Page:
Creating Effective IT Service Level Agreements

A Service Level Agreement (SLA) is a legal agreement or informal contract negotiated between a customer and the service provider. It is used to mainly document a common understanding about services provided, priorities established, responsibilities assigned, guarantees and warranties.



Each area of service provided has the scope and corresponding level of service defined. It is mainly about how the service that is provided to the customer is delivered. It helps to bring accountability in the relationships between vendor and client.

SLA needs to set expectations for the corresponding parties and validate parameters to measure the project’s success. To do so, relevant performance metrics and service level objectives are used. The SLA is critical to balance the business objectives against impact of risks and ensure continuity. An effective SLA should also reveal goals for higher performance and productivity. It should target at surpassing service levels by identifying the gaps that hinder achievements.

Before determination of quantities to be measured, the customer’s goals have to be well understood. It is then easier to recognize the factors or metrics that are appropriate to be measured regarding performance, financial aspects or strategy. By drawing upon past projects experience, a better insight is gained regarding the relevant metrics to be tracked along with the tools Some of the metrics used in IT Service management are TSF (Time Service Factor), FCR (First Call Resolution), TAT (Turn around Time) etc.

The IT staff needs to conduct assessment in certain areas before collecting baseline performance metrics. They need to collect information regarding the involved applications, analyze data, identify the impending issues, furnish a baseline report on the findings and start building SLA’s. Key tenets of SLA’s comprise of visibly defined Internal and external communication routes, Issue resolution and Escalation procedures, Change management processes and Quality assurance.

SLA’s should be preferably structured to evolve with customer needs. The dynamic nature of business and the application should be given due consideration. To avoid perception problems both parties must agree on the specifications, granularity of measurements and the tools used to measure.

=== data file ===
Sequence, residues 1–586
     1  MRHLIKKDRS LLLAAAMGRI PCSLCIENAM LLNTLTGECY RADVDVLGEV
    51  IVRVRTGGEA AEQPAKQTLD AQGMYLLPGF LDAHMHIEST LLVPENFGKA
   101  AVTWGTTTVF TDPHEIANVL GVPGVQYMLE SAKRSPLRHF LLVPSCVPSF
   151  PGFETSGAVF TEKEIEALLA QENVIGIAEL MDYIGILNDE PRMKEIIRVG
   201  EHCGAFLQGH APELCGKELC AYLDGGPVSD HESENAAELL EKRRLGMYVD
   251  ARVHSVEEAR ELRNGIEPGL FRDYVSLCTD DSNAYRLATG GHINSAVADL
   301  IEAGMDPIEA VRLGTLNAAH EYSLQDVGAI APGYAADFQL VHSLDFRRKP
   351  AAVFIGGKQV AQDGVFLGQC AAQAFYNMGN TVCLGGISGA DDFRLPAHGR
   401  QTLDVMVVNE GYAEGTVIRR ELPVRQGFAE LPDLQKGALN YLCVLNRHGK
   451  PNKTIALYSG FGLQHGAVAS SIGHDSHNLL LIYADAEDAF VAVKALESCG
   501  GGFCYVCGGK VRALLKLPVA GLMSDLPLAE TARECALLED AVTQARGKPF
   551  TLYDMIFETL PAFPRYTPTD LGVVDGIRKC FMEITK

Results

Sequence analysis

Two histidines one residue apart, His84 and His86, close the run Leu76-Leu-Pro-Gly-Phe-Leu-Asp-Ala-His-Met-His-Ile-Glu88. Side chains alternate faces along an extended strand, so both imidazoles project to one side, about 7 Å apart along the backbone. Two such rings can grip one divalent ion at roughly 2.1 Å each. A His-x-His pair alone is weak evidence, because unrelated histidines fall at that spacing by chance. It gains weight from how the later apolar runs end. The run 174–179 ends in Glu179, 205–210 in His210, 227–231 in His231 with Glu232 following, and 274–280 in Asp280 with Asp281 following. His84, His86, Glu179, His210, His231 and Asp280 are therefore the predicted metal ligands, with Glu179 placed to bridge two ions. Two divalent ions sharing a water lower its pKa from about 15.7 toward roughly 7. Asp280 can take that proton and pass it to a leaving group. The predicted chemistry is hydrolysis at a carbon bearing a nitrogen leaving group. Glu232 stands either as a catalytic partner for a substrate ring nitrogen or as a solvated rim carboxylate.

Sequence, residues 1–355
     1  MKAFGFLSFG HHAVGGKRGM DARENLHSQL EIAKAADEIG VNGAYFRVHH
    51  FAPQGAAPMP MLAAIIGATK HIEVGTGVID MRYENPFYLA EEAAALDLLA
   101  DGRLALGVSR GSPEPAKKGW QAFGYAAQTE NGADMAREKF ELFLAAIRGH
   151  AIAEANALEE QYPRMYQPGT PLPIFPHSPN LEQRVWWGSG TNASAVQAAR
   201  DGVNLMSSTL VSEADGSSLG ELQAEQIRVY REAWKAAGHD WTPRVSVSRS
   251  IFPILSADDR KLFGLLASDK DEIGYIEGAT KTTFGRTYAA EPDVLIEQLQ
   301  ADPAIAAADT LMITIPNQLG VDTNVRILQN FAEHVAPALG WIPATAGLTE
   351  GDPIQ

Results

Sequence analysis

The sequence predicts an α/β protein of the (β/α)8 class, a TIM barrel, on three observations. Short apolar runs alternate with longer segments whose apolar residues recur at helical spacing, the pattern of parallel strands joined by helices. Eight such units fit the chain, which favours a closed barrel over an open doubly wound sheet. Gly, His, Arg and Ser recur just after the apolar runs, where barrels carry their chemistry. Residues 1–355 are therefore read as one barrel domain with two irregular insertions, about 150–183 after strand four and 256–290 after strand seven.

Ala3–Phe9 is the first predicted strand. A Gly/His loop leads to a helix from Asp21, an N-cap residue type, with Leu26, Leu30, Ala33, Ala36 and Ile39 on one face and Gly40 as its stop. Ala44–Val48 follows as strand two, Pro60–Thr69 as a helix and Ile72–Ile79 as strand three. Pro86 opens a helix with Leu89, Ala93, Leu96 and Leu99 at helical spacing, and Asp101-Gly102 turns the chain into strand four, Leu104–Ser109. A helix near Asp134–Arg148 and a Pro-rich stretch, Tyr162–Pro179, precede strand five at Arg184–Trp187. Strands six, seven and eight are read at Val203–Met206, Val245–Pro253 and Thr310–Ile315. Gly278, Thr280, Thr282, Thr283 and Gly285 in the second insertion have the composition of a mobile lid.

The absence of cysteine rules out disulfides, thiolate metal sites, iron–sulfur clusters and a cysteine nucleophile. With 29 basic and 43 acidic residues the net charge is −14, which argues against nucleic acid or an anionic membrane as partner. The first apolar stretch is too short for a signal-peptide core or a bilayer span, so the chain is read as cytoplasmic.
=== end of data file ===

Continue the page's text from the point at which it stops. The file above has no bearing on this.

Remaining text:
Once the SLA has received approval from the legal, finance and delivery teams the format, configuration and regularity of reporting is decided. To make it an ongoing process tools and methods to automate data capture may be used. This not only saves time but reduces error and conflict.

SLA’s require constant attention and updates as service level requirements may change and response times and system availability need to measure up with expectation of business users. To successfully address these challenges, leverage should be given on clearly defining the responsibilities on the client and delivery team, naming the participants at management and executive level, defining and measuring commitments, defining suitable escalation procedures, defining regular and scheduled communication and program management features.

To determine exact staffing levels for the next quarter and to review the current status, monthly or quarterly review status meetings must be scheduled between client and service provider.

Throughout , the service provider needs to execute the work priorities in the order set by the client, identify opportunities to perk up client’s business , collect and report the service level metrics, set additional productivity and quality goals and prepare and circulate the report of the completed and planned activities to the business and user groups.

 



 

 

 

 

 

 


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